Big UK firms failing small suppliers with late payments

A new study by the small business commissioner and Lloyds Bank Commercial Banking found that…...

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A new study by the small business commissioner and Lloyds Bank Commercial Banking found that a majority of the UK’s largest businesses are failing to pay their suppliers on time. 65% take more than 30 days to settle their bills, and 21% are taking a minimum of 50 days. 2% (150 firms out of a study sample of 7,000) are forcing suppliers to wait more than 80 days before payment. The research reveals that despite a national average of 37 days, a postcode lottery is closer to the truth in Britain. Suppliers in London, for example, receive payment within 34 days on average, the shortest time recorded. But big companies in Yorkshire and Humber settle bills in 43 days on average, the longest average period in the country.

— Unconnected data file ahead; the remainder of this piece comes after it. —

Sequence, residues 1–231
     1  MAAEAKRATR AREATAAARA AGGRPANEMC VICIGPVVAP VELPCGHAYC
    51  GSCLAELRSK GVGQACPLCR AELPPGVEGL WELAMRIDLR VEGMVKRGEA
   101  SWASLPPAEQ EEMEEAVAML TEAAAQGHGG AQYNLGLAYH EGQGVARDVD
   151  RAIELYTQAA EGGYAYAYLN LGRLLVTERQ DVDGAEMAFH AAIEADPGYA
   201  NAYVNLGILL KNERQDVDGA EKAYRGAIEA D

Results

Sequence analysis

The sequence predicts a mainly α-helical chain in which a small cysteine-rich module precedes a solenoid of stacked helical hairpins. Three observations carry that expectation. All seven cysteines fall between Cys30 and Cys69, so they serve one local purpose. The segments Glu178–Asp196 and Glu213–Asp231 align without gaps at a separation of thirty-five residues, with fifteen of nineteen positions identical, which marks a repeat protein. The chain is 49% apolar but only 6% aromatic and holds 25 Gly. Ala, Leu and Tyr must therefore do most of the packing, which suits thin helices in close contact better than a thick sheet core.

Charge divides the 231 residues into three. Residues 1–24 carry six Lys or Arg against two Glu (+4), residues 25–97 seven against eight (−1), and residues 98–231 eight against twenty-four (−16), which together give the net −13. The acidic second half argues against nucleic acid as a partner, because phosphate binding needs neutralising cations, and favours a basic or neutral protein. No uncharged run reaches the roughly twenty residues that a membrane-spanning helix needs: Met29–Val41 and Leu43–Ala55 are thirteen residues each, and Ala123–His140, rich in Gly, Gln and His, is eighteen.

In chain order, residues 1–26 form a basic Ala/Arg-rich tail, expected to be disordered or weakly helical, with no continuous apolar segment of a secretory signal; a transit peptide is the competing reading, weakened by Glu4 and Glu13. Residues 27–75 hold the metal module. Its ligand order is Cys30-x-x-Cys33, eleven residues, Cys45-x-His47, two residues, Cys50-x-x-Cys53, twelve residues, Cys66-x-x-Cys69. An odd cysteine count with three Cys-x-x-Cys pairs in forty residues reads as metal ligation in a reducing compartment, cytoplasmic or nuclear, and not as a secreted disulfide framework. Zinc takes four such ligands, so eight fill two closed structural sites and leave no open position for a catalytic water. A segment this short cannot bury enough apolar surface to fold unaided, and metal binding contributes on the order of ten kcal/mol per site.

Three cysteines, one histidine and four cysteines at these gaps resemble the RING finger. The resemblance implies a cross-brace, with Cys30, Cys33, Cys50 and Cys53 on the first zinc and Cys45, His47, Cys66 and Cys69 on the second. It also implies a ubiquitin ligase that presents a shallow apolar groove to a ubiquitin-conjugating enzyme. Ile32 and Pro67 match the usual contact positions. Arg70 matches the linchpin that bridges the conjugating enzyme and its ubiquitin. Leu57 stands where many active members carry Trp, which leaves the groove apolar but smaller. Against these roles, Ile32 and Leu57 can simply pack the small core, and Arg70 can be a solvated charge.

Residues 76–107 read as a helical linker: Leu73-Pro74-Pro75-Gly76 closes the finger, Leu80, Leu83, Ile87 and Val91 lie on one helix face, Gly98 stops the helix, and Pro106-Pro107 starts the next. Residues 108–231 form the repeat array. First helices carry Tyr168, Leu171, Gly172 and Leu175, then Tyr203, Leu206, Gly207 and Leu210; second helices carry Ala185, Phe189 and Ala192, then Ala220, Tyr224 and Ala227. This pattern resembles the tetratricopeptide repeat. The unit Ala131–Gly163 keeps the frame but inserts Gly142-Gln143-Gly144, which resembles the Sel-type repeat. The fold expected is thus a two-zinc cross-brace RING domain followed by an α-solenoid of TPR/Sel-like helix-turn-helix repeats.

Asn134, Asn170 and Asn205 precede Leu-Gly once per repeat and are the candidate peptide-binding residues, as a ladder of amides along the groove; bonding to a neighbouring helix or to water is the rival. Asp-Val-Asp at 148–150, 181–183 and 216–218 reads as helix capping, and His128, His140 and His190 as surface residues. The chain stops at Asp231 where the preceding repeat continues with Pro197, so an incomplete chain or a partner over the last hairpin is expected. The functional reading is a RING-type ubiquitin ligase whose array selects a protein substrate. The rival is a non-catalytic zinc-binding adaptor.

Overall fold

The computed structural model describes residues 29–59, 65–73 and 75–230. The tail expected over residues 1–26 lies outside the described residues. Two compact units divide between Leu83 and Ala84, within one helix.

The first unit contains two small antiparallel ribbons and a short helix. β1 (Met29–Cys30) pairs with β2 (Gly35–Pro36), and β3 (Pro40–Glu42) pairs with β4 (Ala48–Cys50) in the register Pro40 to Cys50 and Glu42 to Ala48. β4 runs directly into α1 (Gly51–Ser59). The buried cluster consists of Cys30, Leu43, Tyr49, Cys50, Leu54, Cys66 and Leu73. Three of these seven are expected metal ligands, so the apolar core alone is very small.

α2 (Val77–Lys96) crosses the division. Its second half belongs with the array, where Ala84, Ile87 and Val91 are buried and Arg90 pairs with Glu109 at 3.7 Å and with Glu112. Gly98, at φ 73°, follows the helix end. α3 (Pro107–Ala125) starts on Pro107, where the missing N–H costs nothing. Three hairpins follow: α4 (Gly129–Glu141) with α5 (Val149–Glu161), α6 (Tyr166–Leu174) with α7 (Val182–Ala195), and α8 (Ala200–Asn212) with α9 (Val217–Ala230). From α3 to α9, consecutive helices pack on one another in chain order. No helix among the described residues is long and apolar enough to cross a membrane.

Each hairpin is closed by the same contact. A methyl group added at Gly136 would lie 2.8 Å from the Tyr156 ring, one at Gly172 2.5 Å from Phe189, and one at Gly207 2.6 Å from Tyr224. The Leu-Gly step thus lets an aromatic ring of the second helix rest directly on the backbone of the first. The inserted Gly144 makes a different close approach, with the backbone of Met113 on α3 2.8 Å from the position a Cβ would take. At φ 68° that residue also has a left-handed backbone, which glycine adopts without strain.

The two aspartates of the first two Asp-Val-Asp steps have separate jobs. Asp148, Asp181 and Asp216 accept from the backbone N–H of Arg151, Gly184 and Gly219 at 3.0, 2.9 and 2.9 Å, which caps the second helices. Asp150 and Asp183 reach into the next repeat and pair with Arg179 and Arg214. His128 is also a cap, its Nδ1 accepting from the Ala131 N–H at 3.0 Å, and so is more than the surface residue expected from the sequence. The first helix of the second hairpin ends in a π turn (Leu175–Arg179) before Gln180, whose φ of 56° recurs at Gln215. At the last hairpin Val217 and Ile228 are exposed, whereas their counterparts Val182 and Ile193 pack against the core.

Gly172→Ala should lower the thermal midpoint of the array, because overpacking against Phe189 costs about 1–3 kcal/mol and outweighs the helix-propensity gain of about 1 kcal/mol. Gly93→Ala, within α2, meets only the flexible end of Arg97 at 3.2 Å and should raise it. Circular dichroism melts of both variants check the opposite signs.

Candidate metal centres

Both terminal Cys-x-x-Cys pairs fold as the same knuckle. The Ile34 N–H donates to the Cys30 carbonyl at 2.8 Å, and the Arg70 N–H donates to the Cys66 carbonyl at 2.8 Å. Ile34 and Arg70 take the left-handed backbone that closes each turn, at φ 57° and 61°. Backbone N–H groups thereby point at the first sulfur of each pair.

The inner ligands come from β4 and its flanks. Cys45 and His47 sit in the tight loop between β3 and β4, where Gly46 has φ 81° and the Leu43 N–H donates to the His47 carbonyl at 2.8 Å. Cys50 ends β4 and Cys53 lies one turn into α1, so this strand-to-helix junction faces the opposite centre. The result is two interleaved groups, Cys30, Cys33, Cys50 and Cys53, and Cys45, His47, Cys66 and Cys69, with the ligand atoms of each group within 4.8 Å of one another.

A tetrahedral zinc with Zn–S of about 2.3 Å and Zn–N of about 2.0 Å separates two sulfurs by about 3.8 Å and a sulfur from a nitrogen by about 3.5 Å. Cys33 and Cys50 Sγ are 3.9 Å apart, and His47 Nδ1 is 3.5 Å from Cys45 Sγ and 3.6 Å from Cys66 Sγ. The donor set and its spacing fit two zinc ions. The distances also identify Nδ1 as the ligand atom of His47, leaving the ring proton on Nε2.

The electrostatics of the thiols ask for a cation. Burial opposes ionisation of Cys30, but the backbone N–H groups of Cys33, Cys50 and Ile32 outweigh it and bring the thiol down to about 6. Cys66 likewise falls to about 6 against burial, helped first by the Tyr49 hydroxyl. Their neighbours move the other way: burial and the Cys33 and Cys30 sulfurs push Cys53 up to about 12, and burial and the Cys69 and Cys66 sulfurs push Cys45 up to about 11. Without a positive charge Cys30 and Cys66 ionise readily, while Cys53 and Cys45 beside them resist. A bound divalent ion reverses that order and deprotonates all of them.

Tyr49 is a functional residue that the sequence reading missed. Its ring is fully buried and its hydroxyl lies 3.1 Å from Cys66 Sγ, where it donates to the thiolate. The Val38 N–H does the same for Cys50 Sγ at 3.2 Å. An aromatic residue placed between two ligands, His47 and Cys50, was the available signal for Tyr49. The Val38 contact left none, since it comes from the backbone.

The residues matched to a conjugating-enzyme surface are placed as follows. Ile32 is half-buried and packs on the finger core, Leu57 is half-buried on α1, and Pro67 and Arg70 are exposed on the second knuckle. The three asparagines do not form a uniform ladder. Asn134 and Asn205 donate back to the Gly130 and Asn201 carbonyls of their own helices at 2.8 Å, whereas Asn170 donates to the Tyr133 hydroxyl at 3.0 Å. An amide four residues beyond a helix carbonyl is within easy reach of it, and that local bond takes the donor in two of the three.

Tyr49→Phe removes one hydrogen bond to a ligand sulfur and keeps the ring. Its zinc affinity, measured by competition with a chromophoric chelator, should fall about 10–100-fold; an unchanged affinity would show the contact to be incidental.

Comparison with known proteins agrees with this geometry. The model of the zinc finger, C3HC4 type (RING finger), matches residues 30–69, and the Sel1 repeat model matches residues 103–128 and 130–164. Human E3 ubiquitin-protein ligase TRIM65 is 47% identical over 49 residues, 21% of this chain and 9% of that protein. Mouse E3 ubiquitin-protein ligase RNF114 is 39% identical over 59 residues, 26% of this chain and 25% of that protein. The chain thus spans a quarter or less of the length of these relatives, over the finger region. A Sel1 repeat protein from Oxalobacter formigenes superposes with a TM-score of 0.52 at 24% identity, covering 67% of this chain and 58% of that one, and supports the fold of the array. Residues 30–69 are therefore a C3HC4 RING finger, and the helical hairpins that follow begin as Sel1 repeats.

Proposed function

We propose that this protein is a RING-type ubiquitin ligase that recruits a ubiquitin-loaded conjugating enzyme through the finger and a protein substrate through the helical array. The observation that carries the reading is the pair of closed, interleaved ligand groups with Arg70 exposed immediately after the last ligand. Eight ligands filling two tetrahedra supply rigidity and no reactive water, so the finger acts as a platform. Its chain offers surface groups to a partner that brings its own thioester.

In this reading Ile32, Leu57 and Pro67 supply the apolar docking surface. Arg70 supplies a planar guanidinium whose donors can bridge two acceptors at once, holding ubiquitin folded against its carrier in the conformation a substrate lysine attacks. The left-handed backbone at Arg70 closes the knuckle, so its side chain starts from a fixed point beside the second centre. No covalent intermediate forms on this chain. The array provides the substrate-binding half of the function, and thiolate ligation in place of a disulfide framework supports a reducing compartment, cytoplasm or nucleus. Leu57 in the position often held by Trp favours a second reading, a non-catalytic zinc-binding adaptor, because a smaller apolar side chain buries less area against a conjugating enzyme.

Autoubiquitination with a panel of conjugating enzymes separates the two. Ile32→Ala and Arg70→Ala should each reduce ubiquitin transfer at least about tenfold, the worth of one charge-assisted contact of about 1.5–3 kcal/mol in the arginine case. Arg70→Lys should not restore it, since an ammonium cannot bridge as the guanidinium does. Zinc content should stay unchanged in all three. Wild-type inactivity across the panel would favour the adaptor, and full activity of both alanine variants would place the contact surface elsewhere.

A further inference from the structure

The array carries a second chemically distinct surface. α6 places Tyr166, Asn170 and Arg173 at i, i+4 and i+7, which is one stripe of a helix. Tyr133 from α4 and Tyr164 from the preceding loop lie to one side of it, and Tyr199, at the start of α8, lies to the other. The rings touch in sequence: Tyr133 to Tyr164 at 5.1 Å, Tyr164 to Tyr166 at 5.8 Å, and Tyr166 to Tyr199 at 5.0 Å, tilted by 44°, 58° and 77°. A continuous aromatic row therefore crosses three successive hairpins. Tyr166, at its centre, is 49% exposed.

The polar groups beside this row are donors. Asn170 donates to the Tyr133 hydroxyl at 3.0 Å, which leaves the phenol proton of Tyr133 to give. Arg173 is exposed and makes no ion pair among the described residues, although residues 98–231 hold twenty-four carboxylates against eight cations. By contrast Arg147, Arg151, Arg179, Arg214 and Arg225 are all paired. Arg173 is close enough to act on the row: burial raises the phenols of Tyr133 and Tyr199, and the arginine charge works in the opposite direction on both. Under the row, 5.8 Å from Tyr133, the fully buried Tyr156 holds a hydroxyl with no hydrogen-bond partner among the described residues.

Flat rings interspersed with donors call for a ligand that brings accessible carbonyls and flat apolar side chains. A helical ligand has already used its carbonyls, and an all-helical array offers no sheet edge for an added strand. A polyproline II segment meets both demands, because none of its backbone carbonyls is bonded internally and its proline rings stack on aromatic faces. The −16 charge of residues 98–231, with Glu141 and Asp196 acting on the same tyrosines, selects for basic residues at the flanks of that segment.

The implication is that supply relationship management takes a low priority in too many large British companies. Paul Uppal, the small business commissioner, charged them with using their suppliers to finance their business. He is now urging the development of a traffic light system so that small firms can see at a glance whether the larger businesses they are contemplating trading with pay their bills promptly. Uppal wants smaller firms to be able to make more informed choices when considering trade with larger companies. He said: “A traffic light system would be a simple and effective visual way of highlighting which larger businesses are paying promptly and are working in partnership with their supply chain.”

Underlining the wide divergences in payment time the study uncovered, Ed Thurman, MD of global transaction banking at Lloyds Bank Commercial Banking, emphasised that for some smaller firms, two weeks “can be critical in the financial well-being of a smaller businesses.” He urged larger companies to use invoice financing products to overcome any obstacles to prompt payment.

Procurement practitioners in these larger firms, it seems, will need to place enhanced supply relationship management on a par with cost reduction and sourcing savings.

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